for feeding children and other family members and are often very concerned about what their

children eat than what they eat themselves – particularly if they are pregnant. Income has some

effect on consumption. While the price premium associated with organic products may make them

less affordable for low income earners, they are still interested in consuming organic food (Lockie

et al., 2002). There are some factors that limit the consumption of organic foods. Consumers are

concerned about practical issues, such as (Lockie et al., 2002):

• Cost (i.e., not expensive, good value for money)

• Convenience and availability (i.e., quick and easy to prepare, can be cooked very

simply, can be bought in shops close to where consumers live, easily available in

shops and supermarkets, easy to eat).

Organic food is sold at a price premium because of lower yields and higher labour requirements.

One of the disadvantages of organic production is that the farmer gets less quantity of product

per acre. The mainstream consumer is often unaware of the problems and extra costs involved in

organic production techniques. Another study of consumer behaviour (Zanoli and Naspetti, 2002)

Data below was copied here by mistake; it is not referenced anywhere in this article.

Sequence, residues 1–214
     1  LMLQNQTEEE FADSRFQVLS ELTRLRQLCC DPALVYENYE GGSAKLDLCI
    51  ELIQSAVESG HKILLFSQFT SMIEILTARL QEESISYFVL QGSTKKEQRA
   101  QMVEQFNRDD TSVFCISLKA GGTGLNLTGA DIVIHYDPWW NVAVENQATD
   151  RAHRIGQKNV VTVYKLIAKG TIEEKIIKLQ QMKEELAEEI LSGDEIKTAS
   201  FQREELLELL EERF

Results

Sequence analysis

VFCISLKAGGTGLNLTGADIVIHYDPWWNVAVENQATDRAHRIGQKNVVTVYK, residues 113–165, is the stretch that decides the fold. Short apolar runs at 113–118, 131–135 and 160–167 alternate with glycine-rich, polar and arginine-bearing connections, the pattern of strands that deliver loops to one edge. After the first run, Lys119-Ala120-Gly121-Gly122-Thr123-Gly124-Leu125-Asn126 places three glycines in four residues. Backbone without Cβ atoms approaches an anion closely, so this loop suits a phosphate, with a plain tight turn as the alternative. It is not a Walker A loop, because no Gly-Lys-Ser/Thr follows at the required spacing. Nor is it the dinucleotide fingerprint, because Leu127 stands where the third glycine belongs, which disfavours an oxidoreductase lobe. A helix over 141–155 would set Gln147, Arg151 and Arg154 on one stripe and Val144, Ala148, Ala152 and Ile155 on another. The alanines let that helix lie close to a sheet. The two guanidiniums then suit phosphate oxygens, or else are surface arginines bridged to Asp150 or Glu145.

found that certain attributes associated with organic food deter purchase. These are: ‘expensive’,

‘waste’, ‘perishable’, ‘not easy to use’, ‘inconvenient location’, ‘not easily available’, ‘negative impact

on family budget’, ‘lack of time’, ‘visual aspect and packaging’. The market is demand-led and it

has developed largely without any major promotion campaigns. Marketing communications will

play a role in tackling negative beliefs and making organics more mainstream.



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Deloitte & Touche LLP and affiliated entities.



STRATEGY, MARKETING PLANS

AND SMALL ORGANISATIONS



Planning And The Small Organisation



360°

thinking



.



Figure 2.3: Organic produce is one of the fastest growing categories in the food industry in Australia

Source: http://www.freeimages.co.uk



360°

thinking



.



360°

thinking



.



Discover the truth at www.deloitte.ca/careers



© Deloitte & Touche LLP and affiliated entities.



Discover the truth at www.deloitte.ca/careers



© Deloitte & Touche LLP and affiliated entities.



Download free eBooks at bookboon.com